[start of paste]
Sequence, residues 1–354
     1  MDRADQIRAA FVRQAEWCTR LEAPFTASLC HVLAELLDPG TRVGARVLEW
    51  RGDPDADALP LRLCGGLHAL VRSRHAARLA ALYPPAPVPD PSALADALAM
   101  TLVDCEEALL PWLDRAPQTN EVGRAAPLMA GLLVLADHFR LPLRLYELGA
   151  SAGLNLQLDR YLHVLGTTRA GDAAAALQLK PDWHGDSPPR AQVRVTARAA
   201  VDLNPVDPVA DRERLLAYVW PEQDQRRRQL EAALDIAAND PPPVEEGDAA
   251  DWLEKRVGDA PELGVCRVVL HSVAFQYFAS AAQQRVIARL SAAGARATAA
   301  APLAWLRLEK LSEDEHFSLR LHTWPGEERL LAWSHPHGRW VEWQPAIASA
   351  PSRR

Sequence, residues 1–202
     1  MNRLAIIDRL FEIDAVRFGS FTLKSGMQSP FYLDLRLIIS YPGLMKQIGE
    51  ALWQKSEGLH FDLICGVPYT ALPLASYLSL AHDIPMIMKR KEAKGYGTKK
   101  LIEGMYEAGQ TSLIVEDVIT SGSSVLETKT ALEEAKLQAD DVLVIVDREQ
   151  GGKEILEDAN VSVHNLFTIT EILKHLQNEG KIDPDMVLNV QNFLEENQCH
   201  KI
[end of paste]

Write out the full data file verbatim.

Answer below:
Sequence, residues 1–354
     1  MDRADQIRAA FVRQAEWCTR LEAPFTASLC HVLAELLDPG TRVGARVLEW
    51  RGDPDADALP LRLCGGLHAL VRSRHAARLA ALYPPAPVPD PSALADALAM
   101  TLVDCEEALL PWLDRAPQTN EVGRAAPLMA GLLVLADHFR LPLRLYELGA
   151  SAGLNLQLDR YLHVLGTTRA GDAAAALQLK PDWHGDSPPR AQVRVTARAA
   201  VDLNPVDPVA DRERLLAYVW PEQDQRRRQL EAALDIAAND PPPVEEGDAA
   251  DWLEKRVGDA PELGVCRVVL HSVAFQYFAS AAQQRVIARL SAAGARATAA
   301  APLAWLRLEK LSEDEHFSLR LHTWPGEERL LAWSHPHGRW VEWQPAIASA
   351  PSRR

Sequence, residues 1–202
     1  MNRLAIIDRL FEIDAVRFGS FTLKSGMQSP FYLDLRLIIS YPGLMKQIGE
    51  ALWQKSEGLH FDLICGVPYT ALPLASYLSL AHDIPMIMKR KEAKGYGTKK
   101  LIEGMYEAGQ TSLIVEDVIT SGSSVLETKT ALEEAKLQAD DVLVIVDREQ
   151  GGKEILEDAN VSVHNLFTIT EILKHLQNEG KIDPDMVLNV QNFLEENQCH
   201  KI